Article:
9. Nucleus Z=126 with magic neutron number N=184 may be related to the measured Maruhn-Greiner maximum at A/2=155 from compound nuclei at low energy nuclear reactions

    NASA Astrophysics Data System (ADS)

    Prelas, M. A.; Hora, H.; Miley, G. H.

    2014-07-01

    Evaluation of nuclear binding energies from theory close to available measurements of a very high number of superheavy elements (SHE) based on α-decay energies Qα, arrived at a closing shell with a significant neutron number 184. Within the option of several discussed magic numbers for protons of around 120, Bagge's numbers 126 and 184 fit well and are supported by the element generation measurements by low energy nuclear reactions (LENR) discovered in deuterium loaded host metals. These measurements were showing a Maruhn-Greiner maximum from fission of compound nuclei in an excited state with double magic numbers for mutual confirmation.

  10. Inelastic neutron scattering studies of phonon spectra, and simulations of pressure-induced amorphization in tungstates A W O4 (A =Ba ,Sr ,Ca , and Pb )

    NASA Astrophysics Data System (ADS)

    Goel, Prabhatasree; Gupta, M. K.; Mittal, R.; Rols, S.; Achary, S. N.; Tyagi, A. K.; Chaplot, S. L.

    2015-03-01

    Lattice dynamics and high-pressure phase transitions in A W O4 (A =Ba ,Sr ,Ca , and Pb ) have been investigated using inelastic neutron scattering experiments, ab initio density functional theory calculations, and extensive molecular dynamics simulations. The vibrational modes that are internal to W O4 tetrahedra occur at the highest energies consistent with the relative stability of W O4 tetrahedra. The neutron data and the ab initio calculations are found to be in excellent agreement. The neutron and structural data are used to develop and validate an interatomic potential model. The model is used for classical molecular dynamics simulations to study their response to high pressure. We have calculated the enthalpies of the scheelite and fergusonite phases as a function of pressure, which confirms that the scheelite to fergusonite transition is second order in nature. With increase in pressure, there is a gradual change in the A O8 polyhedra, while there is no apparent change in the W O4 tetrahedra. We found that all the four tungstates amorphize at high pressure. This is in good agreement with available experimental observations which show amorphization at around 45 GPa in BaW O4 and 40 GPa in CaW O4 . Further molecular dynamics simulations at high pressure and high temperature indicate that application of pressure at higher temperature hastens the process of amorphization. On amorphization, there is an abrupt increase in the coordination of the W atom while the bisdisphenoids around the A atom are considerably distorted. The pair-correlation functions of the various atom pairs corroborate these observations. Our observations aid in predicting the pressure of amorphization in SrW O4 and PbW O4 .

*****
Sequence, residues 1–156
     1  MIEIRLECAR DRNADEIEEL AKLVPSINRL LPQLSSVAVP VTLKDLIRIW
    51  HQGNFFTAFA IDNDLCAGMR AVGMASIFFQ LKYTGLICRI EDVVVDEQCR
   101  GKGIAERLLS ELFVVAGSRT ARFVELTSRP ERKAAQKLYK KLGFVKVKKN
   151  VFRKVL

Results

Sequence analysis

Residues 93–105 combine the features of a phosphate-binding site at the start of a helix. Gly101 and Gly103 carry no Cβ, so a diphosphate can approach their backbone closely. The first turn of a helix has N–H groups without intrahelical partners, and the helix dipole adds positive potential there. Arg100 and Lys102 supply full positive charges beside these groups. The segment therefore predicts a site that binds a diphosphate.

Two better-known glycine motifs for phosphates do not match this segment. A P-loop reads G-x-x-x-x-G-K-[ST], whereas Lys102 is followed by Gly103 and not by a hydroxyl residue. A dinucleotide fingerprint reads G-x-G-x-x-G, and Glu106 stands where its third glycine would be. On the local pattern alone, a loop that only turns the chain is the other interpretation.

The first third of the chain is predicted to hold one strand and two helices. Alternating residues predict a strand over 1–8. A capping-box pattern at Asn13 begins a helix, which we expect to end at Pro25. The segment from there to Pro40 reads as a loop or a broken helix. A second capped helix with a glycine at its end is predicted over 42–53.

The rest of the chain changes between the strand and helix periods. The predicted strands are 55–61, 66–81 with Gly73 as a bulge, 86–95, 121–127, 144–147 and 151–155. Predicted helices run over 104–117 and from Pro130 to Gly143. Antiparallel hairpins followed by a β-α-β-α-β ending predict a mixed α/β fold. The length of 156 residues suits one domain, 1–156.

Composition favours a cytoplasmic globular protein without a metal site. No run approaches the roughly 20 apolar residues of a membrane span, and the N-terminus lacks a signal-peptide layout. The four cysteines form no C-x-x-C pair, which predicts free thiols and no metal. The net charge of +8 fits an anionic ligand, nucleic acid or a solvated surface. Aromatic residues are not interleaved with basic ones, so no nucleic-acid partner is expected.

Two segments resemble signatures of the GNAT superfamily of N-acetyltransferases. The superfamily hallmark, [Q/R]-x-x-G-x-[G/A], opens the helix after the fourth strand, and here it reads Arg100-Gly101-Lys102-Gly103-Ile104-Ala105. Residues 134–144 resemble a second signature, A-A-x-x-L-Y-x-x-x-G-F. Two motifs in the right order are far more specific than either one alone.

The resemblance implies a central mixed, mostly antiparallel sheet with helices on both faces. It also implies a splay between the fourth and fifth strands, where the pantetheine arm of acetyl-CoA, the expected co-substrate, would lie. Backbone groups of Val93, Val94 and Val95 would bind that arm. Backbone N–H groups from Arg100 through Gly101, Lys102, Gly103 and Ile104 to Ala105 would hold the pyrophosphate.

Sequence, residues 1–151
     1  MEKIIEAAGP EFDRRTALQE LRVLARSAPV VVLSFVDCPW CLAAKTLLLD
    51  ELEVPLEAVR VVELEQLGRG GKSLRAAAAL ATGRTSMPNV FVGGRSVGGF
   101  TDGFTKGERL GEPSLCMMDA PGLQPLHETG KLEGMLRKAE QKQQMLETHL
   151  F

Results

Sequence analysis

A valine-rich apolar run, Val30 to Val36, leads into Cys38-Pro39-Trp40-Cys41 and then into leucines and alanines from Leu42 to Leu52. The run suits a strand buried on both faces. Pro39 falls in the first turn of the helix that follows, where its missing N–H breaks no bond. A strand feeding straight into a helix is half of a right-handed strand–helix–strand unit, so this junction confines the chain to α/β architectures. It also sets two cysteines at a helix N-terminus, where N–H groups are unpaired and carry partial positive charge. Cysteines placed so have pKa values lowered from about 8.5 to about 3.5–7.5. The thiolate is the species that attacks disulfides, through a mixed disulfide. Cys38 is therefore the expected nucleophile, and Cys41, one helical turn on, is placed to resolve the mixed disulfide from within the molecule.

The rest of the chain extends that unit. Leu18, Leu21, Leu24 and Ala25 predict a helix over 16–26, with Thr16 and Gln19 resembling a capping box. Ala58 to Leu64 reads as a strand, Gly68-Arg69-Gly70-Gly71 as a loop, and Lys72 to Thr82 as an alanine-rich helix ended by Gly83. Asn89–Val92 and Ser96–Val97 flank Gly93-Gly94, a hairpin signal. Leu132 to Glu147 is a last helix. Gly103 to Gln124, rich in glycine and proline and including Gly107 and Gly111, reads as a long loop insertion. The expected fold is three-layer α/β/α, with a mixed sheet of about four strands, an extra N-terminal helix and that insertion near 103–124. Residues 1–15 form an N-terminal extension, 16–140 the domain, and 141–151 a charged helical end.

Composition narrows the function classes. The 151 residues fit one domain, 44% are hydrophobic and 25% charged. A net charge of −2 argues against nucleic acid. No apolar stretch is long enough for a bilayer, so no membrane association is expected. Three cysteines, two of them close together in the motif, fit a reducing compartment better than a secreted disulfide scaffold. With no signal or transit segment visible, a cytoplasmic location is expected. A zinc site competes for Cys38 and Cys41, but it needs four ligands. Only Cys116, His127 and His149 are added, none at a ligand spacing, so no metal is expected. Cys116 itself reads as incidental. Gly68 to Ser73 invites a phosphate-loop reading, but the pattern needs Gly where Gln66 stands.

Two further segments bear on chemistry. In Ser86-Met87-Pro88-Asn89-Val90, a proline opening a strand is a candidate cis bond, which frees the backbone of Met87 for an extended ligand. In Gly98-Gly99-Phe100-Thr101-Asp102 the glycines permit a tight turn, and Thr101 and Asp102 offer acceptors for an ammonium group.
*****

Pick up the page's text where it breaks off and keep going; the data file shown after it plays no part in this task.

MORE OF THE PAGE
11. Vibrational properties and phonon anharmonicity in ZnS1-xSex: Inelastic neutron scattering, Raman scattering, X-ray diffraction measurements and lattice dynamical studies

    NASA Astrophysics Data System (ADS)

    Basak, Tista; Rao, Mala N.; Chaplot, S. L.; Salke, Nilesh; Rao, Rekha; Dhanasekaran, R.; Rajarajan, A. K.; Rols, S.; Mittal, R.; Jayakrishnan, V. B.; Sastry, P. U.

    2014-01-01

    Inelastic neutron scattering, Raman and X-ray diffraction measurements coupled with lattice dynamical calculations (employing a semi-empirical transferable potential model) have been carried out to gain a detailed understanding of the peculiar vibrational spectrum exhibited by the mixed crystal ZnS1-xSex. Raman scattering measurements performed over a varying range of temperature (100-800 K) and pressure (up to 13 GPa) have confirmed that the additional mode observed in the spectra are visible over the entire range of temperature and pressure. Correlation of the individual motions of atoms (obtained from computed total and partial phonon density of states) with the inelastic neutron scattering measurements (carried out over the entire Brillouin zone) have then indicated that the existence of the additional mode in ZnS1-xSex is due to the vibrations of the Se atom being in resonance with that of the S atom. Further, it has been shown that the presence of this additional mode can be tuned by varying the mass of the atom at the Se site. In addition, an analysis of bond-length distribution with increasing Se concentration have elucidated that bond-length spread is not responsible for the presence of the additional mode. An analysis of the peak shifts of the Raman modes with temperature and pressure indicate that the anharmonicity of the vibrational modes increases with increasing compositional disorder. This is attributed to the fact that increasing Se concentration gives rise to a distribution of bond-lengths in ZnS1-xSex, which is responsible for this compositional disorder induced anharmonicity. Our computations have thus revealed that mass of the anion is responsible for the presence of additional mode while bond-length distribution gives rise to the existence of compositional disorder induced anharmonicity in ZnS1-xSex. Further, it is observed that the contribution of explicit anharmonicity to the total anharmonicity becomes dominant at higher temperatures. This